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JOHNM

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HELP!!    someone (?) a while ago blogged instructions to overlay mines in az onto google pro. looked through 30 pages of past reports and couldn't find it .    thanks in advance

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1 hour ago, JOHNM said:

HELP!!    someone (?) a while ago blogged instructions to overlay mines in az onto google pro. looked through 30 pages of past reports and couldn't find it .    thanks in advance

John,

I did a brief search on the forum and couldn't find instructions for mines persay but did find a link to instructions for township and range overlay, maybe it will help as it should be much the same instructions as the mines overlay, all you would then need to find is the actual mine file for Google Earth to install.

 

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Go to https://mrdata.usgs.gov/mrds/geo-inventory.php and choose Arizona from the list.

When the new page opens click the drop down menu to the right of the "FORMAT" and choose "Google Earth" then click "Download"

That will give you a kmz file that will load in Google Earth. The mines on that "overlay" are from two different old paper records (MAS and MILS) that have been combined into the Mineral Resources Data System (MRDS). The MRDS is notoriously inaccurate. Locations are rarely where they say they are and there are a lot of duplicates. We've found the MRDS to be less than 30% accurate within 1/4 mile. That's pretty bad when you are trying to locate something on the ground..

Where the MRDS can be really helpful is the reference to the mines source data and the geology, rock and mineral reports associated with the mine. Some of that is available through the Google Earth version but most what is presented is abbreviated at best. Nonetheless there is enough information in the links provided on Google Earth to get you started on your research.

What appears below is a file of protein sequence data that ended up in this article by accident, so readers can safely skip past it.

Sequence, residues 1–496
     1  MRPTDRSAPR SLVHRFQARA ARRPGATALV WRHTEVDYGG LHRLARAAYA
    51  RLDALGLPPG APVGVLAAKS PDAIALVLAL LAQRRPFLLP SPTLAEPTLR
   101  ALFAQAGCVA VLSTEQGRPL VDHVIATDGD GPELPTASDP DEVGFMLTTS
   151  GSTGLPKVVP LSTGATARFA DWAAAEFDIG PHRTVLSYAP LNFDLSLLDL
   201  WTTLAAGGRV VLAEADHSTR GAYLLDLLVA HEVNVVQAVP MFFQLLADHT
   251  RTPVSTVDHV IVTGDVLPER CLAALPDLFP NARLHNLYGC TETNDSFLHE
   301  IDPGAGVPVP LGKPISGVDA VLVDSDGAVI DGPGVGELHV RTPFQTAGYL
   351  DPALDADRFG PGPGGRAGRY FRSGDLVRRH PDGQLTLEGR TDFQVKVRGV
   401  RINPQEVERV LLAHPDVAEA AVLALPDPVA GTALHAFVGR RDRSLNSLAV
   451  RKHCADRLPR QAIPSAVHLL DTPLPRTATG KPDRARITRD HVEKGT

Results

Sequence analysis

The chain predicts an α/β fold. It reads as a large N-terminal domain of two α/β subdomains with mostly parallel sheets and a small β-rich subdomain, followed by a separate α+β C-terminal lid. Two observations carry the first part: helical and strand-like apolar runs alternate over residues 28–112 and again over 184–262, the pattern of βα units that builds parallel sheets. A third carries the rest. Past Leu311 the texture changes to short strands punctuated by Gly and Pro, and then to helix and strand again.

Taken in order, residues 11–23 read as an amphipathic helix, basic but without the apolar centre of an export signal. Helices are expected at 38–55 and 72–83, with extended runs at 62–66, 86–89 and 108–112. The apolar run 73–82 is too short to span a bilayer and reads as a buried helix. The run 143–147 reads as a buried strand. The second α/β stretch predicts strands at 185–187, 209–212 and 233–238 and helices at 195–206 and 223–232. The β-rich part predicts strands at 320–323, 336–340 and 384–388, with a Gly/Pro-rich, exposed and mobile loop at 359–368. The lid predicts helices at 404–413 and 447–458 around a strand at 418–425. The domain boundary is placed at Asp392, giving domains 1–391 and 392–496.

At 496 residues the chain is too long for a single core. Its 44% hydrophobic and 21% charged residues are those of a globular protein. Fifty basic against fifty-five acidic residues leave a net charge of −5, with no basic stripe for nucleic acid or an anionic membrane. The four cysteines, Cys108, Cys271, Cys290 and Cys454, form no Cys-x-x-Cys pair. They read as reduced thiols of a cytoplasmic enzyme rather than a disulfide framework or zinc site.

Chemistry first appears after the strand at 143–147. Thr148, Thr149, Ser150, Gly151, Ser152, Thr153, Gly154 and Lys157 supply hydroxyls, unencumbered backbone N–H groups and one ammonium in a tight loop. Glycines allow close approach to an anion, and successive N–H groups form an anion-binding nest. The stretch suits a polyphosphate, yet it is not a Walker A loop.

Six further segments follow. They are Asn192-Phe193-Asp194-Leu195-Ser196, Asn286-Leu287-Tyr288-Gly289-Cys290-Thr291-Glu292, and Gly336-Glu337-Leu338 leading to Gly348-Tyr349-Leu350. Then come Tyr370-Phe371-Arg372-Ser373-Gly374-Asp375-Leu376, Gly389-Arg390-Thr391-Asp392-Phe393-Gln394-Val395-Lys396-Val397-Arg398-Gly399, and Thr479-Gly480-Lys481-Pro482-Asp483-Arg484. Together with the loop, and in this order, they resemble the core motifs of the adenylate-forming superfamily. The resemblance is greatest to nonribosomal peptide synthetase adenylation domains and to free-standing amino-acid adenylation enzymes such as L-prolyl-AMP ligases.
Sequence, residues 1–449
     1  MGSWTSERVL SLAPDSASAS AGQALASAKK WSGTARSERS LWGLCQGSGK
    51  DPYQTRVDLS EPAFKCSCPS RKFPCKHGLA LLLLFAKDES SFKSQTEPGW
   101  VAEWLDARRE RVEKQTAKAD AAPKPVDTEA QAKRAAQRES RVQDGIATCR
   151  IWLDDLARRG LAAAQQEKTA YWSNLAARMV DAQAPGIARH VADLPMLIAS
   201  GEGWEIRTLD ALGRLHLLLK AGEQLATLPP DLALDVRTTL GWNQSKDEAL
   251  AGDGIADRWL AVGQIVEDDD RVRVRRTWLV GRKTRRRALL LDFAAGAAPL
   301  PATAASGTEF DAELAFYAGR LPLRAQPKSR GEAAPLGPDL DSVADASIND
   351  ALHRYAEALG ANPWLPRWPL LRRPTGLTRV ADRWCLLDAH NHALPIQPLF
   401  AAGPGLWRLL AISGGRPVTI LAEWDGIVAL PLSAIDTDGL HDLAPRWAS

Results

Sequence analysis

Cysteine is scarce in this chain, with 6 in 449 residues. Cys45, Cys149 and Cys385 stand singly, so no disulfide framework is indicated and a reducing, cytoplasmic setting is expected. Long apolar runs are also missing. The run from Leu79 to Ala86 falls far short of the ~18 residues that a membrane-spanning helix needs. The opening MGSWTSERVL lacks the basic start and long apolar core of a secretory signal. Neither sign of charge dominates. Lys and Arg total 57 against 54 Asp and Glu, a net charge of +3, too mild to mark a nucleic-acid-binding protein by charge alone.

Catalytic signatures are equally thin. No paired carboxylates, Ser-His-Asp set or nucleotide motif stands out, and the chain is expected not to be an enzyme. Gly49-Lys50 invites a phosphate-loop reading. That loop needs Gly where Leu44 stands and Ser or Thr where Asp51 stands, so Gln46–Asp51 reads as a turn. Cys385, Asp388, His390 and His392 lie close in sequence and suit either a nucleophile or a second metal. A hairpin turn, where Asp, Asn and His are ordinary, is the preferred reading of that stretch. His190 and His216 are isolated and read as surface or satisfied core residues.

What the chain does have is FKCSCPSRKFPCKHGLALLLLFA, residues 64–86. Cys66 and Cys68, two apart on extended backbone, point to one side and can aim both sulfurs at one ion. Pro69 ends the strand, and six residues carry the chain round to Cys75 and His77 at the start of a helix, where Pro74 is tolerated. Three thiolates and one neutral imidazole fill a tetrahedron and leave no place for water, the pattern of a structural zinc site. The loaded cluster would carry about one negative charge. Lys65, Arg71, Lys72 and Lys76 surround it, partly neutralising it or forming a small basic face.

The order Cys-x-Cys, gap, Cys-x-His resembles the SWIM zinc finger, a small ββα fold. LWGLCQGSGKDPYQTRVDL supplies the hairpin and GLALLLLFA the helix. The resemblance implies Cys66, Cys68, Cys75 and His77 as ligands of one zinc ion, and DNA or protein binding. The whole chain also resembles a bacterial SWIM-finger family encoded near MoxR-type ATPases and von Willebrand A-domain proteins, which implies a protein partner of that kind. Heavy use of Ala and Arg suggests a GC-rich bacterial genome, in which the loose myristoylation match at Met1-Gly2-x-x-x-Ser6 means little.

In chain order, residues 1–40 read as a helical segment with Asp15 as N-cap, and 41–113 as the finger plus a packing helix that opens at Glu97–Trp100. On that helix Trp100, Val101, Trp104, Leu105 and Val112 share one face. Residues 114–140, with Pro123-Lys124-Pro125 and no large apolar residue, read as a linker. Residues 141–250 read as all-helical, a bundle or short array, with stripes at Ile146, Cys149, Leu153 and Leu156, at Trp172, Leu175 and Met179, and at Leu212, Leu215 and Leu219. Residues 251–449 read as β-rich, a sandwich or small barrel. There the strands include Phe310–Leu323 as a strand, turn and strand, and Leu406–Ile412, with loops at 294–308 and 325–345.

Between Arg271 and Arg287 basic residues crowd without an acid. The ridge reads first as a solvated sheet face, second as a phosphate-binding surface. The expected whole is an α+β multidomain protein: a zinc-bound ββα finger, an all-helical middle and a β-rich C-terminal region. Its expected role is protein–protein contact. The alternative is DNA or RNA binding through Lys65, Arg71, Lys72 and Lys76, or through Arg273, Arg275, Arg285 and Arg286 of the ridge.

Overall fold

We've been in contact with the USGS for years over this inaccuracy as well as some other data issues. The USGS is well aware of the problem and unlike many other Federal Agencies they have been very active in creating a solution. They couldn't fix the old MRDS locations but they do have all those lovely topo maps with locations of every mining feature down to a 40 foot accuracy. They have been plotting the mining features on those old topos and creating a modern mapping layer of the mining features in every state. Not all states are completed yet but the USGS is hot to finish this project and there are new states added regularly. When that mapping project is done the USGS hopes to be able to tie together the excellent locations from the topo maps with the great resources of the inaccurate MRDS.

This is a huge project as you can imagine and at best it will be several years before the USGS completes this work. In the meantime you can see both sets of mine data side by side on any of the Land Matters Mining Claims maps. Just open the Arizona Mining Claims Map and click on "Topo Mineral Features" and "MRDS Mines" under the "Mining History" menu on the right. Zoom in to your area of interest and use the "i" tool to get to get more information about each feature.

I've found with both the "Topo Mineral Features" and "MRDS Mines" information it's pretty easy to see where the actual mine is located.

 

 

 

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